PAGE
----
How badly can you treat your handgun and still expect it to fire reliably? The owner of a very unfortunate Glock 21 (.45 ACP) decided to find out. The results are reported at the Glock 21 Torture Test. The image I provide here is not even close to the worst that was done to this poor Glock in the course of the torture test — and this guy takes the words “torture test” very seriously.
I don’t have a Glock 21. I do, however, have a Glock 22 (.40 S&W). I like my Glock. It is, in fact, the only Glock I’ve ever held that felt this good in my hand. In general, I find the wide, blocky grips of a Glock (necessary for the double-stack high capacity magazine that comes standard with almost all Glock models) uncomfortable to hold, especially when firing. There’s something odd about this particular Glock 22 that makes it feel different, though. It’s probably some kind of factory “defect”, I guess, but to me it feels like a 50% improvement. I’ve wondered in the past whether I could make another Glock as comfortable through the judicious use of a nail file, but haven’t bothered to find out.
Even so . . . it’s a Glock. Even my Glock 22 isn’t my all-time favorite handgun, even if it’s my all-time favorite Glock. I don’t like the width of the thing in my holster, the width in my hand is still short of ideal, and it’s a fugly piece of gear. I’ve heard Glocks are remarkably reliable, that they can be cleaned in the dishwasher and used again without oiling (or even drying) without any problem (though I’ve never tried it myself), and I know they’re the favorites of a lot of firearms connoisseurs. I tend to prefer DA/SA handguns with a manual external safety over something like a Glock, where the only external safety is a switch in the trigger, for most purposes. It gets a bit punishing on the hand after firing for a bit, being a somewhat beefy .40 S&W on a wide-grip ergonomically kinda neutral design, with basically everything below the slide being plastic so that felt recoil isn’t reduced the way it would be with a firearm that was heavier overall (there’s a reason people call Glocks “combat tupperware”).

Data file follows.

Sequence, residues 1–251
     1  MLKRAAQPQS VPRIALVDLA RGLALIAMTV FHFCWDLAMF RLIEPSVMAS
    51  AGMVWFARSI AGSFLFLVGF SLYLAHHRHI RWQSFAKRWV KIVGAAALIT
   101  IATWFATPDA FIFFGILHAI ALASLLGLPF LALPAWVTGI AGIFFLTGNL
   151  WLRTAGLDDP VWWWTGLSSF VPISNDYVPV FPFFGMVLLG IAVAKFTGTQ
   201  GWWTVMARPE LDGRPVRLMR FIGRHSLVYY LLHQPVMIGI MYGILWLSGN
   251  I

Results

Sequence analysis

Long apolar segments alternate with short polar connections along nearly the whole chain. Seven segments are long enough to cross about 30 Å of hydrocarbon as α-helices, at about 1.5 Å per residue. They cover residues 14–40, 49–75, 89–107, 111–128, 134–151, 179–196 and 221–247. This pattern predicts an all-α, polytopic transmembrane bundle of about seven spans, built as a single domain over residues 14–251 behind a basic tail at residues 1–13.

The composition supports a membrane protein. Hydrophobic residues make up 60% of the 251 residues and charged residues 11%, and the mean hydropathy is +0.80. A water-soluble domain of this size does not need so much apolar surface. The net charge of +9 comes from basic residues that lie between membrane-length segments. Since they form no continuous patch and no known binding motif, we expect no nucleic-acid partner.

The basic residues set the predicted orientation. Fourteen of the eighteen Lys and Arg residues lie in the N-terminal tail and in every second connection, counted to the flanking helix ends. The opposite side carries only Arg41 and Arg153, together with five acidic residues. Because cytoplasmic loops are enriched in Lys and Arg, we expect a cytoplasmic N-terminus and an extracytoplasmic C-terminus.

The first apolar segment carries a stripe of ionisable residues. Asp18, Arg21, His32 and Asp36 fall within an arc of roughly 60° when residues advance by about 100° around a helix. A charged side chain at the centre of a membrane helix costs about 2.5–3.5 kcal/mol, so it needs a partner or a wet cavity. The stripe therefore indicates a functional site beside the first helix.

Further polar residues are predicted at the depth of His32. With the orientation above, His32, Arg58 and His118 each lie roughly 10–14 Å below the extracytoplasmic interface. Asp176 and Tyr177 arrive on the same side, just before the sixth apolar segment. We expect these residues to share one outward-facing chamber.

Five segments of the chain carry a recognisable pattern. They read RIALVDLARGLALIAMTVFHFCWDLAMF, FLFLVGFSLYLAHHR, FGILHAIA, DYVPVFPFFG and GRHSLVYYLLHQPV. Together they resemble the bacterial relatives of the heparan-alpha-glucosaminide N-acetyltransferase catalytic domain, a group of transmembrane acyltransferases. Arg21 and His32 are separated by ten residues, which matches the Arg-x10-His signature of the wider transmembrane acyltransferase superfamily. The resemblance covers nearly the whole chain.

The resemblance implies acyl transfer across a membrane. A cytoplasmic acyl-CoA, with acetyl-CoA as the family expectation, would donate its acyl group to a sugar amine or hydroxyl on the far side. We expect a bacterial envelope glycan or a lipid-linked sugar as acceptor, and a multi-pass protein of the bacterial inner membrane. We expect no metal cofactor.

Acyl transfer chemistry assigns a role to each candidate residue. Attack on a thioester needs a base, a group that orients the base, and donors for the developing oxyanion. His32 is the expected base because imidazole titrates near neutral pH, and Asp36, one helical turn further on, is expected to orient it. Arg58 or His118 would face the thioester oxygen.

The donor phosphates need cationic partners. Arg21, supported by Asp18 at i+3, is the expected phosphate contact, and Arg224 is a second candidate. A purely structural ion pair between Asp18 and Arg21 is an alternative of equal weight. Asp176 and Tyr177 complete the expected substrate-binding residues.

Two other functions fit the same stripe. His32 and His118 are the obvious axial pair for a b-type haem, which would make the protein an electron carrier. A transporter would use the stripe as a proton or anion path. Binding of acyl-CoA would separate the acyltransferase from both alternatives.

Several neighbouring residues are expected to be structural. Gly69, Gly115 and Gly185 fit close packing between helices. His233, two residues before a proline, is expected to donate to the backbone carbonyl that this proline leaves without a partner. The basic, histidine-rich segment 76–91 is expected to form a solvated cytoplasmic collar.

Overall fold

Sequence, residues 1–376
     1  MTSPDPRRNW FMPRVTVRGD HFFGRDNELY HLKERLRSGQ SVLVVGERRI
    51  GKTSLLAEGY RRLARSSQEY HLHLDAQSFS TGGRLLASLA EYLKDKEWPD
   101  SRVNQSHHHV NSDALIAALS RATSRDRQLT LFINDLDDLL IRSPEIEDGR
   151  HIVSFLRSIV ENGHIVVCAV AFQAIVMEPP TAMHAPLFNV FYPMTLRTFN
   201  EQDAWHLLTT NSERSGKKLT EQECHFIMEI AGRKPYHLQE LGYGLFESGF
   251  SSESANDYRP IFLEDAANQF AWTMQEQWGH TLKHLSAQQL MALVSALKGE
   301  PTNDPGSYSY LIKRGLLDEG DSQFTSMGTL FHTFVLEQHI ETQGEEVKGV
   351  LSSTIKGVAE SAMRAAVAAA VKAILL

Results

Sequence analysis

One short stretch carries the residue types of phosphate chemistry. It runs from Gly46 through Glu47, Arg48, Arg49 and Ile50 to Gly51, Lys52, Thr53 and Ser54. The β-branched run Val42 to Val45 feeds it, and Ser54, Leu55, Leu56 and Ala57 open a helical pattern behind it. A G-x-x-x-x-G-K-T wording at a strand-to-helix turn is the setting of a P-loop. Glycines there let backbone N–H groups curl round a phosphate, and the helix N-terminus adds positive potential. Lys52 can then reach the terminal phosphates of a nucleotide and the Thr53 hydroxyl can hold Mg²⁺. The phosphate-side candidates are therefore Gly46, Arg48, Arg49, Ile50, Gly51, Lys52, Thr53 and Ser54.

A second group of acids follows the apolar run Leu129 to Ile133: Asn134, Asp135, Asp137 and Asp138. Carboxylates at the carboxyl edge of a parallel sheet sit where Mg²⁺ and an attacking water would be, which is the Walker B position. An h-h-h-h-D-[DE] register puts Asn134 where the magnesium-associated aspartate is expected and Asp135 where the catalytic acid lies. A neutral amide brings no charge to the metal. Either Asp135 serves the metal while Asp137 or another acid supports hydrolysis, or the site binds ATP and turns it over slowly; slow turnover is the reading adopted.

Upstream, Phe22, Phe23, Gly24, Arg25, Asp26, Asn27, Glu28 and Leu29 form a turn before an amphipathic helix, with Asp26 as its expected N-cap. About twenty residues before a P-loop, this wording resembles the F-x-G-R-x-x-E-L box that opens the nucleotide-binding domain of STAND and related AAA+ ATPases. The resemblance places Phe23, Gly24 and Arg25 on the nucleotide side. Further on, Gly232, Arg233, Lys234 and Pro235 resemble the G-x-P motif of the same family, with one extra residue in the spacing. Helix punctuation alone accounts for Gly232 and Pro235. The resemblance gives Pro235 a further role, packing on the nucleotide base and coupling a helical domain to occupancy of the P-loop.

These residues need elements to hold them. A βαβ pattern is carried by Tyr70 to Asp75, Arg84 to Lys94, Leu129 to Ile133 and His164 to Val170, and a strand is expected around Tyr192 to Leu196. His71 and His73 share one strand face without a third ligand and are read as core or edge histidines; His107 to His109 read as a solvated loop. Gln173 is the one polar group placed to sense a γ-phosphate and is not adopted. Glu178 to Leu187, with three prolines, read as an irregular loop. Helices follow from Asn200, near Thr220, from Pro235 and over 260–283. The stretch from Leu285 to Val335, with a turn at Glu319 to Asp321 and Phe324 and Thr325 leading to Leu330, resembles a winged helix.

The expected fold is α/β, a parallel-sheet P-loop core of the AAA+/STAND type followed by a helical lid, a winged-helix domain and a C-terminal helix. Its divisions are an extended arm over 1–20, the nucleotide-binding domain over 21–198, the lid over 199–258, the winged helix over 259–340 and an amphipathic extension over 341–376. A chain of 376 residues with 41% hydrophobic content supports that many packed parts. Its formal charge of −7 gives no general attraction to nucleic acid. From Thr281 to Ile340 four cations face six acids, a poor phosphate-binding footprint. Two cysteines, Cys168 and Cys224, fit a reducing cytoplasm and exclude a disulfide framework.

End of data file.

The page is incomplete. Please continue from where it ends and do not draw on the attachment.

After reading about this torture test, though, I have a newfound respect for the Glock design. I may actually get another one some day, in a different caliber.
For the record, the only time I’ve ever had a problem with a failure to feed with my Glock was when I limp-wristed a shot — so that was my fault. Otherwise, it has always worked perfectly.